Mike Wilson had come with credentials from the noted astronomer and science fiction writer Arthur Clarke. I had met Clarke in London the year before and described to him the germ of an idea I had for a sci-fi film. Clarke had found it promising. Back home in Colombo, he had talked about it with his friend Mike Wilson. Wilson too had settled in Colombo marrying a Sinhalese Christian of striking good looks. He had also elbowed his way into the film business; written, produced and directed James Banda, blithely transplanting the Fleming secret service agent in Sri Lanka, and rounded up virtually the entire European community in Colombo to play sinister bit roles in the film. Above all, Mike was a highly skilled professional skin diver with the legendary distinction of having stumbled upon a 17 th century Mughal galleon off the coast of Sri Lanka, and retrieved from the wreck a chestful of silver coins. When a man like this writes and tells you that he is ready to give his right arm to set up a co-production deal with you, you are inclined to take his word on trust.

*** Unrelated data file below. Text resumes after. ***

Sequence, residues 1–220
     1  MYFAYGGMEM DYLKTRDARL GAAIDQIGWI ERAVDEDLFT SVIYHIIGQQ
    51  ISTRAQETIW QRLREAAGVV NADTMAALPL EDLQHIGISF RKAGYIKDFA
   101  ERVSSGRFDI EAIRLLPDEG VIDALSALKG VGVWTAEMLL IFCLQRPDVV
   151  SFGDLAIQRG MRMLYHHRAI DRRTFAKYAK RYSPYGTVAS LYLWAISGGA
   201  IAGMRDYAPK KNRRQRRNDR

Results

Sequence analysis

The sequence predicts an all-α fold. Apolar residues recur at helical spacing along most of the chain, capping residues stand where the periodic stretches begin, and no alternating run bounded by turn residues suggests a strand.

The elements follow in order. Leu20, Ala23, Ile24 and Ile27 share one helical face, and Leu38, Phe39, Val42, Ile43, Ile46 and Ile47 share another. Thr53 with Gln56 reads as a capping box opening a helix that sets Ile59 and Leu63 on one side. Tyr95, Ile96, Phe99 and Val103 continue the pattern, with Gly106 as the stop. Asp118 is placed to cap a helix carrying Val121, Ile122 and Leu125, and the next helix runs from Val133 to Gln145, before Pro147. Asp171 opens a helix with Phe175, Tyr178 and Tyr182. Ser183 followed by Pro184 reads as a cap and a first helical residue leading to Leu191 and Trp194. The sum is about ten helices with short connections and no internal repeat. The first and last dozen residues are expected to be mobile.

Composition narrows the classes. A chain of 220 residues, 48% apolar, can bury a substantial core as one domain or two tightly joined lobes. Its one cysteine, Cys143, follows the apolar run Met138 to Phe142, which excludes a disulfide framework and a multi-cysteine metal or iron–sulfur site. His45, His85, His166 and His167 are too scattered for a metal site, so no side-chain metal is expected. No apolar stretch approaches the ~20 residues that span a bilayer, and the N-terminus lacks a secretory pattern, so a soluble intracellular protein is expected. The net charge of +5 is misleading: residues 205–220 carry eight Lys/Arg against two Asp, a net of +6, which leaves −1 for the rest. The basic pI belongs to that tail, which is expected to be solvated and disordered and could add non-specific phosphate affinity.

But I had to write and tell Mr. Wilson that there was nothing on paper yet beyond a few jottings. Undaunted, he flew down to Calcutta, checked into a Sudder Street hotel and announced that he would stick around until I produced a treatment. I thought it prudent to tell him that writing
Ray's two drawings for
The Alien, December 1967
An advanced stage of imagination of the Alien, 1967. 
being an intensely private pursuit with me, I discouraged company while working on a script. Mike ignored my stricture, "I shall sit by and make coffee for you when you need it, Maestro." Mike didn't make coffee, but sit by he did and, being a friend of Arthur C. Clarke kept tossing off ideas which slid off the pages of my script. By the end of a fortnight I had a treatment.
On the first page of the screenplay, Ray writes three alternative names for ‘The Alien’. The two titles are – ‘Avatar’ ( God's incarnated) and ‘Mangal-Kabya’ ( The Ballad of Saintliness ).